2. Ours to Alibi – Beacons
They’re a five-man mostly-instrumental indie rock group from Atlanta. Their atmospheric sounds and tri-force of guitar experimentalism is at times reminiscent to Texas favorite Explosions in the Sky, only with a little Sigur Rós-style guitar bowing. With no label support yet, they just released their second full-length, Beacons. Sometimes on the record, the group needs more than a few minutes to get across what they’re trying to say, or play. Occasionally, they need 15 minutes or more. Guitars layer and intertwine like a thick rope made of smaller cords wrapping around each other and extending up, straight up.
“These Roots are Anchors” off the latest recording is one of those rare tracks on the record that features vocals. The words are wispy and smoky and are completely overshadowed by the rising wail of guitar bowing and picks. The somber sound turns triumphant, and at this point the distant yells are barely audible over the resonating guitars. “The Dirt is a Womb” brings an ethereal feeling via guitar hums and twinkles, drum taps, and xylophone. Ours to Alibi’s skillful sculpting of layered instrumental ambience is perfect for daily life soundtracks or losing yourself in the absence of syntax.
Little known fact, my friend Travis Shockely designed the album cover.
1. Circa Survive – On Letting Go
Not an entirely new sound for veteran musicians Circa survive, but definitely another great release. Still writing tracks that sound like they could well be Juturna b-sides. Cuts like “Living Together,” “On Letting Go,” “Close Your Eyes to See,” and “Your Friends Are Gone” all center around the blaring siren-like guitar wails, crackling percussion, and hypnotic vocals we have been exposed to thus far. Which any fan of the band would say to be amazing and is indeed no shame at all but nevertheless, a trait that will frustrate casual listeners looking for further experimentations into their sound rather than following previously blazed trails.
While similarity is indeed present, it does not overwhelm On Letting Go, as Circa still manages to break out of the mold they otherwise cast for themselves. This is most notable on tracks like “In the Morning and Amazing,” a prog-anthem that rockets out of the gate on a furious riff and pulsing drum lines, or the shimmering “The Difference Between Medicine and Poison Is in the Dose” – the closest thing to a pop song the band has written, which still manages to juggle random, irreverent lyrics, thoughtful instrumentation, and believe it or not, the type of massive hook notably absent from Juturna. The same type of pop-flirtation peeks out on “Travel Hymn” – a bouncy, mid-tempo song and “Carry Us Away” – a more spacey tune whose lonely verses converge and swell into epic chorus arrangements. These tracks do not, however, signify the band pandering to the mainstream throughout, as they test even their own boundaries on other tracks yet. From the funky verse breakdowns of “Mandala” to the concussive guitar blitz of “Semi-Constructive Criticism,” new territory is explored, and opens the door for the magnificent “Kicking Your Crosses Down.” Arguably the most ambitious track the band has penned to date, the song combines lonely, melodic guitar notes over a pressing drum pulse to underscore Green’s otherworldly, sensual delivery – ingredients which are all shaken and stirred into an urgent, theatrical, and almost sunny chorus.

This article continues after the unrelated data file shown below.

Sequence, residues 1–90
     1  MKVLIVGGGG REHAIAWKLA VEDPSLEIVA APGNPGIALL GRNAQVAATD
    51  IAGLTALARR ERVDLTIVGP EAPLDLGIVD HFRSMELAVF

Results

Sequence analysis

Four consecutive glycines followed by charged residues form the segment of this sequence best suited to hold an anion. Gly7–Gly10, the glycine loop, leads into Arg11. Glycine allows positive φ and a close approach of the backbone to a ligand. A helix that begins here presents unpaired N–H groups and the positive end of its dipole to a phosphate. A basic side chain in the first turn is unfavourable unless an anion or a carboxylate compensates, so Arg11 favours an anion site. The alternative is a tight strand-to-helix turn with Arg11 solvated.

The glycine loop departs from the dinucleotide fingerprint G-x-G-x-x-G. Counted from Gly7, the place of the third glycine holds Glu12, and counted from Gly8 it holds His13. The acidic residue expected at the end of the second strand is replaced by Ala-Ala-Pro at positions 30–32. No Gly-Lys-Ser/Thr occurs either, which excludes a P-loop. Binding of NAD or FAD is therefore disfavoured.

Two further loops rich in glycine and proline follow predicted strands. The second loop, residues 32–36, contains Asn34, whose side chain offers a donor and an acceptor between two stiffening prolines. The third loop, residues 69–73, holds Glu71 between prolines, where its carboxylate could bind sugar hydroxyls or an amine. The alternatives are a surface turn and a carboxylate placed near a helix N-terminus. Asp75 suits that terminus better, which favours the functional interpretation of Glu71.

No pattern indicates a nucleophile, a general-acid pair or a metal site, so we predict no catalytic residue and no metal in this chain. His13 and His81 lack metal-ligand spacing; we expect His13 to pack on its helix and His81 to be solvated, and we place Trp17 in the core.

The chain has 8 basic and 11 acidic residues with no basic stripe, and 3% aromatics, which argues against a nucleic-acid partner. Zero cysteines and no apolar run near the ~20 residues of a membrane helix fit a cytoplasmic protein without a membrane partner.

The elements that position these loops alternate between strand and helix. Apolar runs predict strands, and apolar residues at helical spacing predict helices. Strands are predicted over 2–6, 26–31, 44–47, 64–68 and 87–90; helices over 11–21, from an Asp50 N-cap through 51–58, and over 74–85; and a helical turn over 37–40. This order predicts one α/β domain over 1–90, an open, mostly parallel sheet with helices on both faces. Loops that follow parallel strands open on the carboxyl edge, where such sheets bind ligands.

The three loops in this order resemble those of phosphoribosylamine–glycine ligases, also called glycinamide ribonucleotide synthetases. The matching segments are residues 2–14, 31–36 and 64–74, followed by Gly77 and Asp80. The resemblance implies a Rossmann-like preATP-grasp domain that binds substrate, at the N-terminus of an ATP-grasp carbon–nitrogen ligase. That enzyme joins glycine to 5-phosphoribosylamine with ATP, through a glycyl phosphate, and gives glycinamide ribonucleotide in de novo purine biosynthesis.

While we (society) become more and more like a child afflicted with ADD, it is refreshing to see bands like Circa Survive return to give us music that hooks us early, but still rewards us each time we come back. On Letting Go might not be the game-changer that Juturna was, but it is still an inviting exhibition by one of the scene’s most talented bands honing its skill sets. Pick this album up, and listen to it ten times before you make your judgment on it – if you do not find something new to love on each spin, you are not listening hard enough. All in all, when the record is finished, it sounds like Circa Survive picked just the right time to let go.
That sums up the Ears We Trust segment. I think this was a great way to get some diversity on the site. Thanks to everyone for getting your picks in and writing a little. In a few hours I’ll be posting my top 25 of 2007…so stay tuned.